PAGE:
MORGANTOWN, W.Va. — Looking back now on his journey, there are parts to Sean McNeil’s story even he finds difficult to believe.
Certainly there are parts in which he wished he would’ve reacted differently.
All of it composes an unconventional recruiting story for the 6-foot-4 guard who signed to play at West Virginia on Wednesday after earning All-American honors at Sinclair Community College in Dayton, Ohio.
“More than anything else, I’m really grateful for the opportunity that West Virginia is giving me,” said McNeil, who has three years of eligibility remaining. “Going through some of the things I’ve been through, it makes you appreciate the game more than I ever have before and now getting an opportunity to go to West Virginia is a blessing for me.”
Less than two years ago McNeil wasn’t even on a basketball roster.
He was just a regular student taking classes at Gateway Community and Technical College, a campus without an athletics program. His basketball action came during pick-up games, sometimes in open gyms at Northern Kentucky University.
McNeil knew he put himself in basketball limbo.
At Cooper High School in Union, Ky. — about a 30-minute drive from Cincinnati — he led the Jaguars to a runner-up finish in the Kentucky state tournament as a senior. However, McNeil was not recruited by any Division I schools.
“I was frustrated,” he said. “I thought I was working just as hard as everyone else and playing just as well as anyone else.”
He signed with Division II power Bellarmine in Louisville, though his stay was brief.
“I went through orientation week and I was there for two classes on a Thursday.” Then, in a move that stunned the Bellarmine coaches, McNeill decided to leave.
“It didn’t have anything to do with how I was recruited. I just didn’t give myself a chance to adjust to college life and the atmosphere,” he said. “I was on my own for the first time and panicked and just left. It was all on me.”
Back home from Bellarmine, McNeil moved into self-reflection and wondered whether he actually wanted to keep playing basketball. Realizing how much he missed it, he set out to “earn my keep” by enrolling at Sinclair, a lower-level Division II junior college.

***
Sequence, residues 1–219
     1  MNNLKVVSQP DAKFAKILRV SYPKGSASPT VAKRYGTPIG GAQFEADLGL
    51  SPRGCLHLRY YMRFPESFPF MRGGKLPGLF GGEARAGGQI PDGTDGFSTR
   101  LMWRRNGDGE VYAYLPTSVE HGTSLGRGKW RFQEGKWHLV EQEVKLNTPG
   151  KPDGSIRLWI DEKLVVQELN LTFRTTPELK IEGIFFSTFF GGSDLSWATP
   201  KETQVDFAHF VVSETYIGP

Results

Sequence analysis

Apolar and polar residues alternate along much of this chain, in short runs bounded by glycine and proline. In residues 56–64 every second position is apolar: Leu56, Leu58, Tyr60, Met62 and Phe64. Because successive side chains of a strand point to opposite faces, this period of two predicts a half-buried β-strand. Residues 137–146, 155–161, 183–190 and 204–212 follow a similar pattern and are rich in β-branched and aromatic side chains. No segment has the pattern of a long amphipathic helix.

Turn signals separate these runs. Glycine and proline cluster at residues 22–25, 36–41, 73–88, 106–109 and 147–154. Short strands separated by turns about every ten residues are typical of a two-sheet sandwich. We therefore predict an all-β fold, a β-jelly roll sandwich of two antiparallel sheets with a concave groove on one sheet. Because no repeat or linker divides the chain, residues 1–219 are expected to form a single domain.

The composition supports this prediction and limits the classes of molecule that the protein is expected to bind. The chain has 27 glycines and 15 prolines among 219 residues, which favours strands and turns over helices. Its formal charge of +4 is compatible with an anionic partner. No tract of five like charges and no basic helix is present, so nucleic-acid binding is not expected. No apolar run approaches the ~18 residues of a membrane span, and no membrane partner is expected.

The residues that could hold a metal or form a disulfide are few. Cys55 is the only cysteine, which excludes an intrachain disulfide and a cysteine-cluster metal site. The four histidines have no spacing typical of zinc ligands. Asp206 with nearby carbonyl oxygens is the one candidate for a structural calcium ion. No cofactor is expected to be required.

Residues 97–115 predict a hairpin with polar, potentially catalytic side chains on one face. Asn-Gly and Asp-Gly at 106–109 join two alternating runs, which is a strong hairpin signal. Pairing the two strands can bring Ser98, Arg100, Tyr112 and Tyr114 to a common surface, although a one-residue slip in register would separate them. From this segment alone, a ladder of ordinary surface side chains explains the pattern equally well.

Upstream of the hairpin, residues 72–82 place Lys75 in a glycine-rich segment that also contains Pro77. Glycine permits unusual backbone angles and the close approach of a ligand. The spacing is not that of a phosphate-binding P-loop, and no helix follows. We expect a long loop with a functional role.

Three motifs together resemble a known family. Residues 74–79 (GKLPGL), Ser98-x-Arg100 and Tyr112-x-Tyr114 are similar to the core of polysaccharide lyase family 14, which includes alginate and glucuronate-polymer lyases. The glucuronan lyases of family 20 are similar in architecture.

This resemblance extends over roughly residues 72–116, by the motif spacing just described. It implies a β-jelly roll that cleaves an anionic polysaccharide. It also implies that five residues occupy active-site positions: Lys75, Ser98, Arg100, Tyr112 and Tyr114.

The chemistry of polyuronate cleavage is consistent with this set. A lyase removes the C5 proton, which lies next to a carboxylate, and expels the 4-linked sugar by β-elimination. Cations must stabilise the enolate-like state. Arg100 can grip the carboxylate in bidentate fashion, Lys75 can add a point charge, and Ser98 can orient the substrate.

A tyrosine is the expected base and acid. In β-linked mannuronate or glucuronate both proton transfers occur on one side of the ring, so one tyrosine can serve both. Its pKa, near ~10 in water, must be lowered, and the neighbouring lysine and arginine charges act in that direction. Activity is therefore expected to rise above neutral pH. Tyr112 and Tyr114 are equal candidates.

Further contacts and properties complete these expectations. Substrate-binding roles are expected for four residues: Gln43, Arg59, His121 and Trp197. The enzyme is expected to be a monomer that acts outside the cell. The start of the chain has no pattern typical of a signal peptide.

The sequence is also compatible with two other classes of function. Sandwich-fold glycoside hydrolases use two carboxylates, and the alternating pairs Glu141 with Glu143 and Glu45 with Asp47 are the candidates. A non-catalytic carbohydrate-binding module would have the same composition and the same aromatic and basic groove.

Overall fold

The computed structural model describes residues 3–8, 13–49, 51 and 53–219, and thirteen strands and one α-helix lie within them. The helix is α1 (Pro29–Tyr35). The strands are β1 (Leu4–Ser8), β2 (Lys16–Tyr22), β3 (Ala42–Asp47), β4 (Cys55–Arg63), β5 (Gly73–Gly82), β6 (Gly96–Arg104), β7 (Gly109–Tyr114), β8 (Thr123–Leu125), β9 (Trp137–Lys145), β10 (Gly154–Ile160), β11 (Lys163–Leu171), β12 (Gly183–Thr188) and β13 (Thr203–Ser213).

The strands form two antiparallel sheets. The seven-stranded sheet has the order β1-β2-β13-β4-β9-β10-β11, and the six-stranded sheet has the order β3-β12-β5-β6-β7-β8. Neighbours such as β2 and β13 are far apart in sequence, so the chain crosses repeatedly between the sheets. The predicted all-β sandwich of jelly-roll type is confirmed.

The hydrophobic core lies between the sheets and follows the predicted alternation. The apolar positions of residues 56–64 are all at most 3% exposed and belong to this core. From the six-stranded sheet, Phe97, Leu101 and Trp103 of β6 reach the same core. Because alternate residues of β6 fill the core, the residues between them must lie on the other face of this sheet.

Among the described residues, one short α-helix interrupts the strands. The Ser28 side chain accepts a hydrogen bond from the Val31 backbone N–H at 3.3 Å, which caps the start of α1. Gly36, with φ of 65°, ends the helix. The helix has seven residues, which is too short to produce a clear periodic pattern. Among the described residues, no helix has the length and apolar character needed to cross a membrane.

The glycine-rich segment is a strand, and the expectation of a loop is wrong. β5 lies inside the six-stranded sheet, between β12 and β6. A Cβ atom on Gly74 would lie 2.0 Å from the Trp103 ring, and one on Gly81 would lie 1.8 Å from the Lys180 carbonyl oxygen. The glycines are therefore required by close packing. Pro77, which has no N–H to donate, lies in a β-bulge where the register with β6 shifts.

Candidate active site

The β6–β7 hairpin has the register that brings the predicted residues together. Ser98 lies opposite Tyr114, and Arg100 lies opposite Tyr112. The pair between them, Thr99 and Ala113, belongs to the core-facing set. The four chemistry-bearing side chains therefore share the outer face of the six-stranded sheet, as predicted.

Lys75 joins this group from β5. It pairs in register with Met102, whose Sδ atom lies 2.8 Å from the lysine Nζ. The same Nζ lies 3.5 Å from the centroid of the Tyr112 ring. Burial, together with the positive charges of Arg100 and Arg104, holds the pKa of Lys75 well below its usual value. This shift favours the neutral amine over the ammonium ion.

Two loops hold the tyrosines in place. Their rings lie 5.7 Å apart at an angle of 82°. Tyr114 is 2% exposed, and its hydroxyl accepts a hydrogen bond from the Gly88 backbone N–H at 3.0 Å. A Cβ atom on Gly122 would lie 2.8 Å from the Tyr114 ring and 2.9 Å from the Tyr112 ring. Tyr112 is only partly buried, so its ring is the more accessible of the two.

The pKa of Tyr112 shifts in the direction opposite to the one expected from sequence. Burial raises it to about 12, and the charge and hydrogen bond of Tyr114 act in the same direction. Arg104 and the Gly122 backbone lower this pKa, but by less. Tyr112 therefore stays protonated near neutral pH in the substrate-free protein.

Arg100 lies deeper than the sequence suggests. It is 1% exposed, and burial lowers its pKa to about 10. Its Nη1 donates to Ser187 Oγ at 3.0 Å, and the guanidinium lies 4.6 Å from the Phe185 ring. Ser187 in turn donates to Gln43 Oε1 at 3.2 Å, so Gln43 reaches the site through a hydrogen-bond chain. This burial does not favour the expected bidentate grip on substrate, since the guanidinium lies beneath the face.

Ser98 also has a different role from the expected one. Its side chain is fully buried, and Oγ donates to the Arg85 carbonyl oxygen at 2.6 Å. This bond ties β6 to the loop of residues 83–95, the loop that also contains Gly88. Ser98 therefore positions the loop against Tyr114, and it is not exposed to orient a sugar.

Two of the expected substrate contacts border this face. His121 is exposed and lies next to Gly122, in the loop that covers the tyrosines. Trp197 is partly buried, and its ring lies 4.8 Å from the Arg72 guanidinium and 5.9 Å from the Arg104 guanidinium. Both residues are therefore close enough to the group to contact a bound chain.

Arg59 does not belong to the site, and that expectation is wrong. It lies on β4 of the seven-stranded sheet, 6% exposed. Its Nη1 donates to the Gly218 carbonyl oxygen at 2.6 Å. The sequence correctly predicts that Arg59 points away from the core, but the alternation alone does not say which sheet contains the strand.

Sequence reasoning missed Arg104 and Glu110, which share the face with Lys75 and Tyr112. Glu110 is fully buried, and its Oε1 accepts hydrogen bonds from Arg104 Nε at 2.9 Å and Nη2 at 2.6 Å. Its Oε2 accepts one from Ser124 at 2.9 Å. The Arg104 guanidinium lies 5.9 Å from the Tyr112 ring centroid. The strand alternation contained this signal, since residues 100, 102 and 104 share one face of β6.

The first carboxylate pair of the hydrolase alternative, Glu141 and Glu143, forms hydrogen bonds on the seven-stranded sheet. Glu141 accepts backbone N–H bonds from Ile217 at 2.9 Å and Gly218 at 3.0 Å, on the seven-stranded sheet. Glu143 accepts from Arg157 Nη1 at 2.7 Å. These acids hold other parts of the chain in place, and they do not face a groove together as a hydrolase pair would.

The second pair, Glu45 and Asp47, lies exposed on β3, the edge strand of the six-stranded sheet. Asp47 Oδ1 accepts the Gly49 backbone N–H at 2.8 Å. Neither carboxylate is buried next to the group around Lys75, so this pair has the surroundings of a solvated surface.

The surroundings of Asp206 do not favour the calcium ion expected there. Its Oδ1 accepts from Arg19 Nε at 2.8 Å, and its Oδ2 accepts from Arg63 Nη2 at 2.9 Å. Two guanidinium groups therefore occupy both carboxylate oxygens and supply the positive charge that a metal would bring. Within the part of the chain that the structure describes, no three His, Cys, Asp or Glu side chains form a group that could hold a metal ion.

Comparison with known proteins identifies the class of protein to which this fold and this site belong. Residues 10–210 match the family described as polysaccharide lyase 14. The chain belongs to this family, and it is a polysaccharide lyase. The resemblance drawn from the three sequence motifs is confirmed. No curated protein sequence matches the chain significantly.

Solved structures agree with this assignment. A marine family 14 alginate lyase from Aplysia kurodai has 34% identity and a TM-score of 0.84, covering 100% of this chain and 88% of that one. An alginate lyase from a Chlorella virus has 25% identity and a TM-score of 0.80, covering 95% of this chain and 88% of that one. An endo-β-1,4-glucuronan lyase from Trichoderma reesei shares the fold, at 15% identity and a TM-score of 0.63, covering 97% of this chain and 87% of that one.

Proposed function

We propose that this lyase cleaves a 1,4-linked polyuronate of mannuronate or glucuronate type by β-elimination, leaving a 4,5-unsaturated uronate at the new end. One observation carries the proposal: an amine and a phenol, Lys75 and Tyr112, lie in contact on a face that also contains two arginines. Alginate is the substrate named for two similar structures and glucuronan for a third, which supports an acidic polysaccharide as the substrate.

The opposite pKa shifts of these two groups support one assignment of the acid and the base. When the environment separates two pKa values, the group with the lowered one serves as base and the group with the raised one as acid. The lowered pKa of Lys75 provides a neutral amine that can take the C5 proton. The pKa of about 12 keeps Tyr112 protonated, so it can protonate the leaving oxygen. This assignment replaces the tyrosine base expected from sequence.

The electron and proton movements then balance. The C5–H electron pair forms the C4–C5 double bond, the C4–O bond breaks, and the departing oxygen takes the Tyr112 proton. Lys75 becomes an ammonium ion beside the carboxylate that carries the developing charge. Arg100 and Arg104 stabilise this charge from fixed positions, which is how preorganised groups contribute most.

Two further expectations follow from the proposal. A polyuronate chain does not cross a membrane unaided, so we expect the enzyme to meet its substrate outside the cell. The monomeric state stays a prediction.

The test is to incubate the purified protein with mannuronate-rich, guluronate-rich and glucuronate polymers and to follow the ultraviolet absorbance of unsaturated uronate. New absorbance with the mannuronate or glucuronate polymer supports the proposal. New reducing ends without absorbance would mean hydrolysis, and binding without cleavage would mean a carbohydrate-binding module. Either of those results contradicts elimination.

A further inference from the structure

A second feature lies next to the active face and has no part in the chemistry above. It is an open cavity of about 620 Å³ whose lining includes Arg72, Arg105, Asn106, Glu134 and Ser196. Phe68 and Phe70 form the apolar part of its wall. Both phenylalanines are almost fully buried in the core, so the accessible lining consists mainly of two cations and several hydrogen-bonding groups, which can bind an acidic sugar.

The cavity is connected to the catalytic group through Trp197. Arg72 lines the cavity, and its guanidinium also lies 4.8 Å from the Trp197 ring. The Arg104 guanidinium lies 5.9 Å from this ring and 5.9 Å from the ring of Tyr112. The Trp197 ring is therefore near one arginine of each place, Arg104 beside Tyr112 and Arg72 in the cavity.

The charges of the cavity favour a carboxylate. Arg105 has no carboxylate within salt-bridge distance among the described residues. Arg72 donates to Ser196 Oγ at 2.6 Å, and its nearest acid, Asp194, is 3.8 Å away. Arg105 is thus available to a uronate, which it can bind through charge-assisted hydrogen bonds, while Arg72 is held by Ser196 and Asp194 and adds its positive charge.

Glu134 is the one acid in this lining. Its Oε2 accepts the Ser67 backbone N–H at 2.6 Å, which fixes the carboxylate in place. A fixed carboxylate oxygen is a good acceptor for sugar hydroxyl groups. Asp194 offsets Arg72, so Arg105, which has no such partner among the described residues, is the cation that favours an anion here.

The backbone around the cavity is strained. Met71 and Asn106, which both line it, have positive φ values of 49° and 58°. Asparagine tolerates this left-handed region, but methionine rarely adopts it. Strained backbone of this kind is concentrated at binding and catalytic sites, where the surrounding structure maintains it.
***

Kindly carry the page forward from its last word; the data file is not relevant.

“Junior college is kind of where you bet on yourself. Whatever you put in is likely what you’ll get out of it. Obviously, I worked pretty hard going into the season and then things turned out pretty well for me. I was going to prove everybody wrong.”
In his first game, McNeil scored 40 points. Three games later, against Bryant and Stratton College, he shot 9-of-14 from 3-point range and dropped 55. Suddenly, the kid who couldn’t get a sniff at Division I coming out of high school was getting noticed.
At first, it was mid-major schools like Lipscomb and UNC Asheville who offered scholarships. After West Virginia assistant Erik Martin showed interest, the Mountaineers became the first school from a power conference to recruit him.
More offers followed, like Oklahoma State and Texas Tech in the Big 12, while Ole Miss, Missouri and Arkansas also joined in.
“Once I started scoring 30 and 40 points consistently, that’s when things started to get crazy,” he said. “One thing that was really intriguing about West Virginia was that they didn’t come in late. They were there from the beginning of the year.”
There were plenty more high-scoring games — 15 of 30 or more points. He became the top scorer among all junior college players in his national division at 29.7 points per game and shot 43.1 percent from 3-point range.
“I guess I surprised myself a little bit,” McNeil said. A few times after high-scoring games, he stepped back and talk with his coach Jeff Price about staying humble.
“I realized I was just like any other kid who enjoys playing basketball.”
That was the thing — McNeil was enjoying the game of basketball again. No more worries about fitting in or adapting to life in college. No more thoughts of high-tailing it home.
“I knew it was either make-or-break,” he said. “I was either going to go up to Sinclair and perform and earn my keep or go up there and fold. After going through everything I did, I wasn’t going to let that happen.”